Transplanted Pig Cells Help Control Diabetes
By Patricia Reaney
LONDON (Reuters) - A baboon injected with pancreatic pig cells could be the beginning of the end of daily insulin injections for millions suffering from diabetes, scientists said on Friday.
Since researchers at Duke University in North Carolina injected a diabetic baboon called Babs-92 with specially encapsulated insulin-producing cells from pigs nine months ago the primate has not required any insulin to control the disorder.
If Babs continues to do well Dr. Emmanuel Opara and a team of scientists at Duke believe human trials of the technique could begin within two years.
``Once we can replicate the results in clinical trials, I think it could be the end of daily injections,'' Opara, an associate research professor of experimental surgery and cell biology, said in a telephone interview.
Insulin injections are not a cure for diabetes. They help diabetics control their blood sugar levels but the injections do not reduce their risk of developing other serious complications such as kidney failure, heart disease and strokes.
Opara believes the pig cell transplant could be a potential cure for many sufferers of the disease that afflicts an estimated 135 million worldwide, because in addition to providing insulin patients would also receive C-peptide, a precursor form of insulin.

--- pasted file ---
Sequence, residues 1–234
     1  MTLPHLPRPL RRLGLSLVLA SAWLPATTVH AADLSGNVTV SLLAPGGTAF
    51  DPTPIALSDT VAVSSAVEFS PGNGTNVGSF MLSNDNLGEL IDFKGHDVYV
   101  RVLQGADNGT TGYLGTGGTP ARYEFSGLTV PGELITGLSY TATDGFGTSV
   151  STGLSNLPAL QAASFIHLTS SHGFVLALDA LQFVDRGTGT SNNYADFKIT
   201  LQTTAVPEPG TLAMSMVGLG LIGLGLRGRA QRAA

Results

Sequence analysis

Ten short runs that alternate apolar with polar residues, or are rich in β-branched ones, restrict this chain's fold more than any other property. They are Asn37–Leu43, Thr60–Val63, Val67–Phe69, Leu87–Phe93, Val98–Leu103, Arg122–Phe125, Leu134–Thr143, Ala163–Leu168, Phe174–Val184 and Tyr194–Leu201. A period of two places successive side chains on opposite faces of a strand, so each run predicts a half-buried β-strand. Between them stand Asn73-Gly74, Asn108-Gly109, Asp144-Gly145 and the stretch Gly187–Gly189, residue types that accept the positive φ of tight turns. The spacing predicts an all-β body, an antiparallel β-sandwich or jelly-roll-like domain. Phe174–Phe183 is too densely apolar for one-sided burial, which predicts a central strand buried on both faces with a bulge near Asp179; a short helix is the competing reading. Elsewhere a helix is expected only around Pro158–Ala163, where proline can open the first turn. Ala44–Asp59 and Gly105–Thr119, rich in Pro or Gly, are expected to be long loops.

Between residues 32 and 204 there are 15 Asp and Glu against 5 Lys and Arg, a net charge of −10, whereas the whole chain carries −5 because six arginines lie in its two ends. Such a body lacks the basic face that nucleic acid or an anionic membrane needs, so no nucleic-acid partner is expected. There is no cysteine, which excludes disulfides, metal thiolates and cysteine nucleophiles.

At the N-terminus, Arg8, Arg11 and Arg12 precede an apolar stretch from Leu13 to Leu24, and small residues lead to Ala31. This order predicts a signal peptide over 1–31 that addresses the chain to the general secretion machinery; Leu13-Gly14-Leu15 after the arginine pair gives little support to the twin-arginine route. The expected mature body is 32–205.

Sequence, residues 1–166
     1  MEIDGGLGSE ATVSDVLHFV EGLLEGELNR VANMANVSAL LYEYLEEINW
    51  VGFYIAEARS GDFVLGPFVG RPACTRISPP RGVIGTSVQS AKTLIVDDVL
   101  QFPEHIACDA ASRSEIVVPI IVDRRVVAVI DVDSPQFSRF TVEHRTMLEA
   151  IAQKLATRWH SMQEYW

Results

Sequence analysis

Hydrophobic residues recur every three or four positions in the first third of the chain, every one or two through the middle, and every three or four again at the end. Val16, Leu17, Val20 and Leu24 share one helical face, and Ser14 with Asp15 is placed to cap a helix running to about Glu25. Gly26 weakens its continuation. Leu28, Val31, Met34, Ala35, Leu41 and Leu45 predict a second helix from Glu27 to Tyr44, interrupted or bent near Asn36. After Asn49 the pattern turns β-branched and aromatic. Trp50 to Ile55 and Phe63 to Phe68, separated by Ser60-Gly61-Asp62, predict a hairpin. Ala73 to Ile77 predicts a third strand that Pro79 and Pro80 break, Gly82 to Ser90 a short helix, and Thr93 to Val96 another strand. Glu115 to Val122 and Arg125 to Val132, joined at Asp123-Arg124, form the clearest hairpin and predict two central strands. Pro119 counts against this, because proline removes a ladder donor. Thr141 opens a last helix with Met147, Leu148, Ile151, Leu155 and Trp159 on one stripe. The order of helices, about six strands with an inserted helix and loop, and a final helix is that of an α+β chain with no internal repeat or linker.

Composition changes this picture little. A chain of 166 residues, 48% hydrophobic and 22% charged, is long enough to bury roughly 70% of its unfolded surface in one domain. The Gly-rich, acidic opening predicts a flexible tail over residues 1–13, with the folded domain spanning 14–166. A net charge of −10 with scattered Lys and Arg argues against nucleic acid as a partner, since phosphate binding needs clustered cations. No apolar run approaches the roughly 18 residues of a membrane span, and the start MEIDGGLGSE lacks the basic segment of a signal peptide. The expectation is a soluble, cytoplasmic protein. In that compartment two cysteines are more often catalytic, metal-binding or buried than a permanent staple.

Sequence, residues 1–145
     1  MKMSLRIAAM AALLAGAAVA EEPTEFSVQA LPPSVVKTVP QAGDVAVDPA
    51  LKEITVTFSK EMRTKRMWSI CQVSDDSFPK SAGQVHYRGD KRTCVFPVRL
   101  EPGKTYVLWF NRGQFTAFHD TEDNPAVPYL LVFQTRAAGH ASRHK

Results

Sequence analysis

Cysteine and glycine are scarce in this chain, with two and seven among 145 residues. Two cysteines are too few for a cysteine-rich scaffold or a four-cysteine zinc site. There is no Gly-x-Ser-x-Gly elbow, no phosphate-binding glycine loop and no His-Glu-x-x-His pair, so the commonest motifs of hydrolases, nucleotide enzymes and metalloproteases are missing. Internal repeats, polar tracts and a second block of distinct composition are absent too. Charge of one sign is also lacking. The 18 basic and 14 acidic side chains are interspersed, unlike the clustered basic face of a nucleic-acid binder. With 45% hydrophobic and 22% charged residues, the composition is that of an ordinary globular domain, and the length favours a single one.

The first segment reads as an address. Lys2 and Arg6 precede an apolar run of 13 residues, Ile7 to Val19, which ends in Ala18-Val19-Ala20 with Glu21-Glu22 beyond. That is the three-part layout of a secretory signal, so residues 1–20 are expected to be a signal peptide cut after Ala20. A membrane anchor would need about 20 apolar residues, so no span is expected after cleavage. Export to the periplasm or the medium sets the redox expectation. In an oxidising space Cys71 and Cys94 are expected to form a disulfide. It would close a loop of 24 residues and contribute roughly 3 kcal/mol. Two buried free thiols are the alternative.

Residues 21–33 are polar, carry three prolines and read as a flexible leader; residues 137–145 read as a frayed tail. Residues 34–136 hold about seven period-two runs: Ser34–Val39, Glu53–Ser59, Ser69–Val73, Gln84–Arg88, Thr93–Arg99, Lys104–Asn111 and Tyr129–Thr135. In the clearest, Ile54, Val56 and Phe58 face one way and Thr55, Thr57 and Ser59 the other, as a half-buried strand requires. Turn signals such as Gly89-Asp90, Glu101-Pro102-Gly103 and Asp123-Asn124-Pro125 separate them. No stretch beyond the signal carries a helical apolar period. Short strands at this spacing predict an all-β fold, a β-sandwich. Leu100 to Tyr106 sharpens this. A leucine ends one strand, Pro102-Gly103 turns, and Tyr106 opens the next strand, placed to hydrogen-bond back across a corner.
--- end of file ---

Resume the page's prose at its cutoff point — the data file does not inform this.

``We know it is very, very helpful in preventing the complications of diabetes,'' Opara, who presented his research at an international transplant meeting in Innsbruck, Austria, explained.
The cells can be injected into the abdomen of humans using minimally invasive surgical techniques, Opara said.
``We do not know how many patients with diabetes would need this therapy, but the baboon data to date is very encouraging,'' he added.
Insulin is a hormone produced by cells in the pancreas which controls blood sugar levels and metabolism. People suffering from Type I diabetes have cells that do not work properly and they need daily insulin injections.
Opara and his team coated the pig cells with a complex carbohydrate known as alginate, which provides a protective sphere, and injected them into the Babs-92's abdominal cavity. Five more baboons have also received pig cells.
The coating acts as a one-way door that allows the insulin out but the baboon's antibodies and immune cells that attack the transplant cannot get in, which eliminates the need for anti-rejection drugs.
Opara said he was not sure how many cells will be needed for a human transplant but be believes the more than 90 million pigs that are used for food production in the United States each year should assure a steady supply.
The technique, if proven effective and safe, could help Type 1 diabetes sufferers and Type 2, or adult onset, diabetics who need injections.